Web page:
An empirical evaluation of the spatial accuracy of public participation GIS (PPGIS) data

Brown, Greg (2012) An empirical evaluation of the spatial accuracy of public participation GIS (PPGIS) data. Applied Geography, 34 2: 289-294. doi:10.1016/j.apgeog.2011.12.004

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Author Brown, Greg
Title An empirical evaluation of the spatial accuracy of public participation GIS (PPGIS) data
Journal name Applied Geography   Check publisher's open access policy
ISSN 0143-6228
1873-7730
Publication date 2012-05
Year available 2011
Sub-type Article (original research)
DOI 10.1016/j.apgeog.2011.12.004
Open Access Status
Volume 34
Issue 2
Start page 289
End page 294
Total pages 6
Place of publication East Park, Kidlington, Oxford, U.K.
Publisher Pergamon
Collection year 2012
Language eng
Formatted abstract
Public participation geographic information systems (PPGIS) refers to methods that seek to integrate public knowledge of places to inform land use planning and decision making. There is little published information on the spatial accuracy of PPGIS data compared to expert-derived GIS data. This study assesses the spatial accuracy of PPGIS data collected for conservation planning in two regions of New Zealand in 2011 by comparing participant mapped locations of native vegetation with areas identified in the New Zealand Land Cover Database (LCDB) Version 2. Spatial error was operationalized as PPGIS locations having no native vegetation within 1000 m. The results indicate relatively low PPGIS spatial error of about 6% compared to 22% for randomly selected point locations in the regions. Spatial error is largest in coastal regions and near population centers where native vegetation is sparse and patchy. Participant familiarity with the study region is related to spatial error and is reflected in PPGIS sampling groups, with randomly sampled households having the largest error rate and the self-selected public, the lowest error rate. The results indicate a competitive, trade-off relationship between PPGIS participation rates and spatial accuracy. Future PPGIS research should identify processes with the capacity to increase both participation and spatial accuracy concurrently.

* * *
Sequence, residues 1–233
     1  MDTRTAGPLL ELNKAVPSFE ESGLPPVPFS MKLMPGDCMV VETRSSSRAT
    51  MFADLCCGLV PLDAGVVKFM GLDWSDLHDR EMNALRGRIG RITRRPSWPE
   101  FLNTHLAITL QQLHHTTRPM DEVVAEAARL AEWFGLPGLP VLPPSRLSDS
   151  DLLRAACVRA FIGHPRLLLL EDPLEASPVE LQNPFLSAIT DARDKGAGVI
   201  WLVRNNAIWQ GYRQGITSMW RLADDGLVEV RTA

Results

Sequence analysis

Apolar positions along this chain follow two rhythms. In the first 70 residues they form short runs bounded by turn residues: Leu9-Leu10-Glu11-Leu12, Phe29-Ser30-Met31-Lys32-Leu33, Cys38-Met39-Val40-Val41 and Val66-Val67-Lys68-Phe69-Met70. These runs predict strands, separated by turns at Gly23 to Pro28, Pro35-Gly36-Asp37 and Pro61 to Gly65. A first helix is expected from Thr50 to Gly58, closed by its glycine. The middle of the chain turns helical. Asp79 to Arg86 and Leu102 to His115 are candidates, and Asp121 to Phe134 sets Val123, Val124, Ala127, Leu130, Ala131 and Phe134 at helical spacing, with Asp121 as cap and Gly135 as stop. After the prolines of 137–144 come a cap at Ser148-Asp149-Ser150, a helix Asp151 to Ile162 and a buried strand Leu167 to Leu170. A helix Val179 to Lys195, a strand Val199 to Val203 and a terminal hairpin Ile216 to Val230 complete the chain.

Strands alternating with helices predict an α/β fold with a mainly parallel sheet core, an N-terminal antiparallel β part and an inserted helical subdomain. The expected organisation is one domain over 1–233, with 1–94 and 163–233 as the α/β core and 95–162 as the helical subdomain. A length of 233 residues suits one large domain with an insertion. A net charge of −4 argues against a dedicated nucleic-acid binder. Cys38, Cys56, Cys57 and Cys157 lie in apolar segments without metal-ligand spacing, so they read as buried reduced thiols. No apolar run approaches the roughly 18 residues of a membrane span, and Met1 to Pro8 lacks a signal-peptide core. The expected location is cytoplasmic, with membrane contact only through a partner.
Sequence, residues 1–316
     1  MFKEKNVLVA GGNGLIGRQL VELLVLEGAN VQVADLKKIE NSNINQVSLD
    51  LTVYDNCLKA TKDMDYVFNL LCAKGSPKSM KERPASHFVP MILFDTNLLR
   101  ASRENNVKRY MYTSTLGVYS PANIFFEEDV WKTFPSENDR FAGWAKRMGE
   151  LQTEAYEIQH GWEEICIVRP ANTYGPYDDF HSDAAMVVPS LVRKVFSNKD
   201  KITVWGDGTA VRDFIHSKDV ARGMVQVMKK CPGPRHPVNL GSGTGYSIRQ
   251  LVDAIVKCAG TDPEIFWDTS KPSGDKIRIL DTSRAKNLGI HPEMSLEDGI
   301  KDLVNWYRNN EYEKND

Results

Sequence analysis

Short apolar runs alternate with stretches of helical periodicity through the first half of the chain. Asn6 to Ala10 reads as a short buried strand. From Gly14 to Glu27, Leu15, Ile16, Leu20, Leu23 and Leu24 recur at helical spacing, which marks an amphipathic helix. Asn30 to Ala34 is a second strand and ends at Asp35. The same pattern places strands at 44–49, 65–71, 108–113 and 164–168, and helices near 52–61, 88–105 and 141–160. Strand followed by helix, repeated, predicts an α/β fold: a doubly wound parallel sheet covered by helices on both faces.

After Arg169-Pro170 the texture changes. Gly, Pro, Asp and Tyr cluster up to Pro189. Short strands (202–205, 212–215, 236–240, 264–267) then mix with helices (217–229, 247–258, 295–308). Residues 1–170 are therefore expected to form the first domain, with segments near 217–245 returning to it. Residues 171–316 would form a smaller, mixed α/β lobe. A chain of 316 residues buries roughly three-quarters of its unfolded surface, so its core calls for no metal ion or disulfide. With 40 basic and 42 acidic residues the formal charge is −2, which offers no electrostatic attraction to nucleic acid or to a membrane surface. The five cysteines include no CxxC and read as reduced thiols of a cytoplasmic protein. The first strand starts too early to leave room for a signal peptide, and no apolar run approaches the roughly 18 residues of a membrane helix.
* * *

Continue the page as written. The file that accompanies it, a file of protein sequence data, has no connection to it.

Keyword Public participation GIS
PPGIS
Spatial accuracy
Native vegetation
Q-Index Code C1
Q-Index Status Confirmed Code
Institutional Status UQ
Additional Notes Available online 29 December 2011.

Document type: Journal Article
Sub-type: Article (original research)
Collections: School of Geography, Planning and Environmental Management Publications
Official 2012 Collection
 
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Citation counts: TR Web of Science Citation Count  Cited 27 times in Thomson Reuters Web of Science Article | Citations
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Created: Wed, 18 Jan 2012, 10:17:08 EST by Alexandra Simmonds on behalf of School of Geography, Planning & Env Management